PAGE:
Archives for White House

Obama set to sign national service bill

The AmeriCorps program started by President Bill Clinton will triple in size over the next eight years, and tens of thousands of other Americans will soon see new opportunities to give back to their communities.

It's all part of a $5.7 billion national service bill President Barack Obama is scheduled to sign Tuesday to foster and fulfill people's desire to make a difference, such as by mentoring children, cleaning up parks or building and weatherizing homes for the poor.


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Obama to agency heads: Give me budget cuts

President Barack Obama said Saturday he will ask all of his department and agency heads for specific proposals for cutting their budgets at his Cabinet meeting early next week as he searches for ways to streamline government spending.

Obama, who is attending the Summit of the Americas in Trinidad this weekend, said in his weekly radio and Internet address that he would make the request for cuts Monday at a Cabinet meeting.


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Obama’s week of change & turmoil

In a whirlwind week of change, President Barack Obama jettisoned Bush administration policy on greenhouse gases, shone an unforgiving light on its support for torture as an interrogation tactic and eased its restrictions on Cuba.

But there are limits, even to this new president's power, and a campaign pledge to seek a ban on assault weapons is an early casualty as a result.

And while the promise of change was arguably Obama's single most powerful asset in last year's campaign, the week demonstrated anew how carefully he calibrates its impact.


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A new dream of train travel

For years, they were a staple of sci-fi movies. Shining steel rail lines crisscrossing high above the cities of the future as passengers inside were whisked around at fantastic speeds.

Now, President Obama wants to make them real. He said so the other day as that inveterate Amtrak rider/supporter Vice-President Joe Biden stood beside him, salivating.


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Obama vows reform of ‘monstrous’ tax code

President Barack Obama promised Americans his administration would reform the "monstrous" U.S. tax system as millions faced the dreaded annual deadline on Wednesday for filing income tax returns.

Obama used Tax Day, a national ritual of public frustration due to the confusing tax code, to underscore his drive to cut taxes for many Americans while increasing spending to jolt the United States out of its worst recession in decades.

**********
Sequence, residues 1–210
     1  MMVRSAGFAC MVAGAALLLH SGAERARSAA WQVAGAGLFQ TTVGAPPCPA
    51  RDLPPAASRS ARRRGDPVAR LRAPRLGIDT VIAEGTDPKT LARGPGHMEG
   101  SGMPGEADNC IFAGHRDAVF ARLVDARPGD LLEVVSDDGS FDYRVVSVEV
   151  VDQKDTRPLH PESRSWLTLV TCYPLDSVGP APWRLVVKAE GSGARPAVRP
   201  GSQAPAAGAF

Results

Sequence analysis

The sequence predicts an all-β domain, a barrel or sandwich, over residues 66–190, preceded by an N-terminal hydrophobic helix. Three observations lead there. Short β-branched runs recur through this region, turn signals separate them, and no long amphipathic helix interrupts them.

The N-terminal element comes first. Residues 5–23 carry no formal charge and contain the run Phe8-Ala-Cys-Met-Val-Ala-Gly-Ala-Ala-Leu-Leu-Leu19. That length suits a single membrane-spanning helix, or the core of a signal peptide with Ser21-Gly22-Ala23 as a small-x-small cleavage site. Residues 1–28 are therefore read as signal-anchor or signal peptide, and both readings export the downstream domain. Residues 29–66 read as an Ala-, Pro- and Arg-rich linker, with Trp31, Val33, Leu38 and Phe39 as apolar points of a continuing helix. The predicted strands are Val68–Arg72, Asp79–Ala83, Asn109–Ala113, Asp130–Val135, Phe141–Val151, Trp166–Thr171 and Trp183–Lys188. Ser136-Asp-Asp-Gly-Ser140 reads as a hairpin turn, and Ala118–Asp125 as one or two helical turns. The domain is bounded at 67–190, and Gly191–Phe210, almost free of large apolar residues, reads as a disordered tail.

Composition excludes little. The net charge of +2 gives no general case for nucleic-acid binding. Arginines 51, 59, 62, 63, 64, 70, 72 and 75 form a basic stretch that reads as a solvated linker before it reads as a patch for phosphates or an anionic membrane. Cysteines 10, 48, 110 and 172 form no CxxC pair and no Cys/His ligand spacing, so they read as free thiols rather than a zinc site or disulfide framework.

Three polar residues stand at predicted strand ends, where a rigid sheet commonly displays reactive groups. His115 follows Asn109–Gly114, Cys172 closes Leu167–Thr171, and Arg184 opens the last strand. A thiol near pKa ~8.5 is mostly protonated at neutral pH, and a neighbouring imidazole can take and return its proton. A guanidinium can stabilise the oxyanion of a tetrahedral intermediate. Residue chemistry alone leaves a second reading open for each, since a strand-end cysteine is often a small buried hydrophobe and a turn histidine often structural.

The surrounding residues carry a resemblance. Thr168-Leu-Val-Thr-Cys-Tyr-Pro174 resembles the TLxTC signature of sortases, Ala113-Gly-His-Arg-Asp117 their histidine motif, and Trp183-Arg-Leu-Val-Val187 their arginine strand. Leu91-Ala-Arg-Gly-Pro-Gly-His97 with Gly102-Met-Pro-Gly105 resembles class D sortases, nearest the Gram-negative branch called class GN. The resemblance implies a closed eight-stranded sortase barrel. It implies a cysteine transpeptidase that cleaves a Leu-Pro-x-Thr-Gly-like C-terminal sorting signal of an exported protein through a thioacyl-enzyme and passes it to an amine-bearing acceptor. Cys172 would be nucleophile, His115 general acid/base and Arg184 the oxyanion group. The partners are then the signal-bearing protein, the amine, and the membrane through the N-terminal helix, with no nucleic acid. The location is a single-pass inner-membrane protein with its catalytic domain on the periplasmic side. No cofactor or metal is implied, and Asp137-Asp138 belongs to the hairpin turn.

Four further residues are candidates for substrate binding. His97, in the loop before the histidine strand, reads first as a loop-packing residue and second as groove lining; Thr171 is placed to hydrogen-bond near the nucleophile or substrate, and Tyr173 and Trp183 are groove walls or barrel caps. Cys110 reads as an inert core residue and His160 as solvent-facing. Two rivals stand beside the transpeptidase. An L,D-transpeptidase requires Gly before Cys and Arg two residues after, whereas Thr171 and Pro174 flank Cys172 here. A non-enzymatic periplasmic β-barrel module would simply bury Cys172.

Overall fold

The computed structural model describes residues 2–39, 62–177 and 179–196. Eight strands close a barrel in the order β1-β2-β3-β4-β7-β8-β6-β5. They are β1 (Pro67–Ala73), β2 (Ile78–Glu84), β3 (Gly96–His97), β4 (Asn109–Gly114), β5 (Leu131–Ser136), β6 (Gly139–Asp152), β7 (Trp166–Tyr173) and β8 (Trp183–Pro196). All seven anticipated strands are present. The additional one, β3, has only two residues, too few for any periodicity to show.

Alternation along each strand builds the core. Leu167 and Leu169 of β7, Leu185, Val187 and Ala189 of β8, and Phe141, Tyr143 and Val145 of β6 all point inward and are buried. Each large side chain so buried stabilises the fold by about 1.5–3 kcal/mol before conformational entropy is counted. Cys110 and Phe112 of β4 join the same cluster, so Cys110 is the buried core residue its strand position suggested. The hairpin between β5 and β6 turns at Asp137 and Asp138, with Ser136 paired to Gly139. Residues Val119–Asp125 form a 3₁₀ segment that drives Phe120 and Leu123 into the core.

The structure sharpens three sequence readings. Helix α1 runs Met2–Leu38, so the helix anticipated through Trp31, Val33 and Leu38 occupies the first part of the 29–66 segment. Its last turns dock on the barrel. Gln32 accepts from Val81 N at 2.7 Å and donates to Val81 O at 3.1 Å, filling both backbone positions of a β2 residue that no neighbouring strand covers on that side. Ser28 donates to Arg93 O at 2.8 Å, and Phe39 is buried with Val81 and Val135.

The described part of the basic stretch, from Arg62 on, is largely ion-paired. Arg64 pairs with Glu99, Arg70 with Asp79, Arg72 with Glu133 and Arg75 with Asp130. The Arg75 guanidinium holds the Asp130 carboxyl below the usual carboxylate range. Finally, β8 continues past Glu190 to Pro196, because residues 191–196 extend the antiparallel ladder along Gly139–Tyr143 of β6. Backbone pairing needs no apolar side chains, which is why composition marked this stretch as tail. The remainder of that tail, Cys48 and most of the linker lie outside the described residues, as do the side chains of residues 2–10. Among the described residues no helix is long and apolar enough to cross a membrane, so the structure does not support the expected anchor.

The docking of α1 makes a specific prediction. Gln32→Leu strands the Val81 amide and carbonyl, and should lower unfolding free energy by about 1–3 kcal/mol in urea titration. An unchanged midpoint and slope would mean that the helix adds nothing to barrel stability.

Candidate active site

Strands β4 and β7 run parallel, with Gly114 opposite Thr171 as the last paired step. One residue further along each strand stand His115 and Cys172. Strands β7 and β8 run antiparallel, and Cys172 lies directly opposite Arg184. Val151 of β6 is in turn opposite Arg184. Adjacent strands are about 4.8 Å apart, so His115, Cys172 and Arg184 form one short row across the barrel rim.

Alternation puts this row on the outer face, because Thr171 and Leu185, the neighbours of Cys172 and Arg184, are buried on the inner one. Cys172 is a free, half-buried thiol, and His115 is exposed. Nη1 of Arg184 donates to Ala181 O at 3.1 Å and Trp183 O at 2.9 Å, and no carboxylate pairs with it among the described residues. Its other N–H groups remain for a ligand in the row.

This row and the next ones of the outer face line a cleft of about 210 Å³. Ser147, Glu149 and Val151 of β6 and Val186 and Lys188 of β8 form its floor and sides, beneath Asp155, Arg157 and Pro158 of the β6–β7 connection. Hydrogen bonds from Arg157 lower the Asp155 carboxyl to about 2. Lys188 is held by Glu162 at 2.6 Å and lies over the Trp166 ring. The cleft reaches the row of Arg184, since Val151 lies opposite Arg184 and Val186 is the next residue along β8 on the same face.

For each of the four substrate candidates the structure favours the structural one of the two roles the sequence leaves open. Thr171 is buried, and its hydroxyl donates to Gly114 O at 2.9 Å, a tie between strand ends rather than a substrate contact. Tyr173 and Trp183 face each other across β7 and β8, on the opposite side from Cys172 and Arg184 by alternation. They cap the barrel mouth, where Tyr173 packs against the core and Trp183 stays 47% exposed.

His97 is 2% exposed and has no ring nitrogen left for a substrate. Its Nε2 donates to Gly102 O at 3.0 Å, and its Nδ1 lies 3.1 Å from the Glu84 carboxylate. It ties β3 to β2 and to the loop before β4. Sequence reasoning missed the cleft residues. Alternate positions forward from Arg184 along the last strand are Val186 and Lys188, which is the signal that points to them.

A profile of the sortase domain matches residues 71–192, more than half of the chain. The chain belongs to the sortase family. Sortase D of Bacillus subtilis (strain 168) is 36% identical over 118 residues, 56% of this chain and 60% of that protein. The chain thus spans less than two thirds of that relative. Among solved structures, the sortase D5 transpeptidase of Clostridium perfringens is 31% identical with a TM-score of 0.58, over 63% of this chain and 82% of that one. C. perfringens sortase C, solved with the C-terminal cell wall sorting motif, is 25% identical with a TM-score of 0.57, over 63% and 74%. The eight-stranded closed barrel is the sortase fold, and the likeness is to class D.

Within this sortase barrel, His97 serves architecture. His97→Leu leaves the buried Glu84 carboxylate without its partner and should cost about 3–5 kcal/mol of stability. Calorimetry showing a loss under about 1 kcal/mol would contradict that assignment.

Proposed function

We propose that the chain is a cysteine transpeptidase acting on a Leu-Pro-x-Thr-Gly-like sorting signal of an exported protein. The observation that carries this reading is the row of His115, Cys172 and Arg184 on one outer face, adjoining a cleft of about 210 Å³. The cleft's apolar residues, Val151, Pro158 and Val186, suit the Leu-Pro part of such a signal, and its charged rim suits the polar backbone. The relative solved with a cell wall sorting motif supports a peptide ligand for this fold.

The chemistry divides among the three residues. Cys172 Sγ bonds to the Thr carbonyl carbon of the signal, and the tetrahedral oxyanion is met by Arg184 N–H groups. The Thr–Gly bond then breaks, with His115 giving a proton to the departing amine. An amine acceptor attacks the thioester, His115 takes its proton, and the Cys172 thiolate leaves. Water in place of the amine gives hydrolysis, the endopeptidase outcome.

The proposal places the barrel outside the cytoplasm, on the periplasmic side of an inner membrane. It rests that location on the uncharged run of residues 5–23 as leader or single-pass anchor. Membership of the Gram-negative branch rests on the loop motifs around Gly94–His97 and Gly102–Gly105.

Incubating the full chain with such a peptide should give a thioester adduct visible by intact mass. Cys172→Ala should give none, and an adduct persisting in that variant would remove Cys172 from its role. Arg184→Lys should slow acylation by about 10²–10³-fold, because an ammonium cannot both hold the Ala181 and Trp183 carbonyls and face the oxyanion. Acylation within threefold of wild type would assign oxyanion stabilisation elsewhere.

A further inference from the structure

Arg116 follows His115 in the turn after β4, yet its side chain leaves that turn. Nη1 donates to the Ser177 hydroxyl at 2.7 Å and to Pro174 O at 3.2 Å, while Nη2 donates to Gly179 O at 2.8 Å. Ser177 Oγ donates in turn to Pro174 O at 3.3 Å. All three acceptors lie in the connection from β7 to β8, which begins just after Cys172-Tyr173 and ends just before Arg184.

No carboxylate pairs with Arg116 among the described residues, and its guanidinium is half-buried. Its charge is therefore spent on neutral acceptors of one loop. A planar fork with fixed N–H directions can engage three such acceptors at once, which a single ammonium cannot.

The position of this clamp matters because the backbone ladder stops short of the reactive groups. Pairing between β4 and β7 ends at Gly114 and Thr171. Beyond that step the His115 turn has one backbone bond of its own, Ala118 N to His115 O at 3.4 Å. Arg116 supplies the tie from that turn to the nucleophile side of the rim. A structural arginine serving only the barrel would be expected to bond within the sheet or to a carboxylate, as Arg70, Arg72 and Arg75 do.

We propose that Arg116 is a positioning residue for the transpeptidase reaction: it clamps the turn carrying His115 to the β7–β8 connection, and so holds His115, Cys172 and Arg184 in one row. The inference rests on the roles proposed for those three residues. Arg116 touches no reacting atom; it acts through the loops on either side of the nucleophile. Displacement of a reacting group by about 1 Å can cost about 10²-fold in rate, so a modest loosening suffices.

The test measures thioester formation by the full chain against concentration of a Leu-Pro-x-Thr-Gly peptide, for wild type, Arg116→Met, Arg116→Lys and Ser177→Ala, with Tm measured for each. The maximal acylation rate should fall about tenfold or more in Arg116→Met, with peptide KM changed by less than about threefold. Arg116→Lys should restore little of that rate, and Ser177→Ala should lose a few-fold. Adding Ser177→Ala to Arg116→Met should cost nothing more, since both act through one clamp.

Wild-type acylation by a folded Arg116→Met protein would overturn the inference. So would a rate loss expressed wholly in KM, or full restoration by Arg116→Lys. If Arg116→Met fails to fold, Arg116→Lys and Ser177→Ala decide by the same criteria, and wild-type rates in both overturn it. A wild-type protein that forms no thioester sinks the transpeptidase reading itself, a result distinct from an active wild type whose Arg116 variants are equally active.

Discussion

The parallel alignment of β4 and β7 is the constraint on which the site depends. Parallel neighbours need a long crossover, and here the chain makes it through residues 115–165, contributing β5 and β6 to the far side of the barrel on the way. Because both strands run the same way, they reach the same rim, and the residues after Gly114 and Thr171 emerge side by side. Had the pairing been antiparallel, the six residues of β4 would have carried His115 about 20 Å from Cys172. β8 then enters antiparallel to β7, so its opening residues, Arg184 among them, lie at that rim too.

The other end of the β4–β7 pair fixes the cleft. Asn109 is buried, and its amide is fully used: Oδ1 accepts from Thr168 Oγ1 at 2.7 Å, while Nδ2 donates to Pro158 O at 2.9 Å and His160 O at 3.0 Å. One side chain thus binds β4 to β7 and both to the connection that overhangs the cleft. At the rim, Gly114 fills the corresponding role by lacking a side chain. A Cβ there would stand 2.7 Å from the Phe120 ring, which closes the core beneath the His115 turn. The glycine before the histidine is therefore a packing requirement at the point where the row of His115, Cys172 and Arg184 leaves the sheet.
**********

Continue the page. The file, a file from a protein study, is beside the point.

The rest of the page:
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A lecture from the professor-in-chief

Once again, a president of the United States strode across a flattop and approached the microphones with unmistakable confidence. But this time the president was not walking across an aircraft carrier at sea, just a campus lecture hall stage in Washington.


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Obama offers economic realities

Aiming to assert control over the nation's economic debate, President Barack Obama on Tuesday warned Americans eager for good news that "by no means are we out of the woods" and argued his broad domestic agenda is the path to recovery.

In a speech at Georgetown University, Obama aimed to juggle his recent glass-half-full takes on the economy with a determination to not be stamped as naive in the face lingering problems. He summarized actions his administration has taken to steady the limping economy and coupled that with a fresh overview of his domestic goals.
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Obama lifts travel restrictions to Cuba

In a measured break with a half-century of U.S. policy toward communist Cuba, the Obama administration lifted restrictions Monday on Cuban-Americans who want to travel and send money to their island homeland.

In a further gesture of openness, U.S. telecommunications firms were freed to seek business there, too. But the broader U.S. trade embargo remained in place.


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Obama sails clear of pirate crisis

The triumphant end to the Somali pirate crisis let President Barack Obama sail unscathed out of a tricky political squall and may have earned him early stripes as US commander-in-chief.

The seizure by heavily-armed pirates of US merchant Captain Richard Phillips was widely portrayed in the US media as a first test of nerve for the new president, at a time when political critics were ready to pounce.


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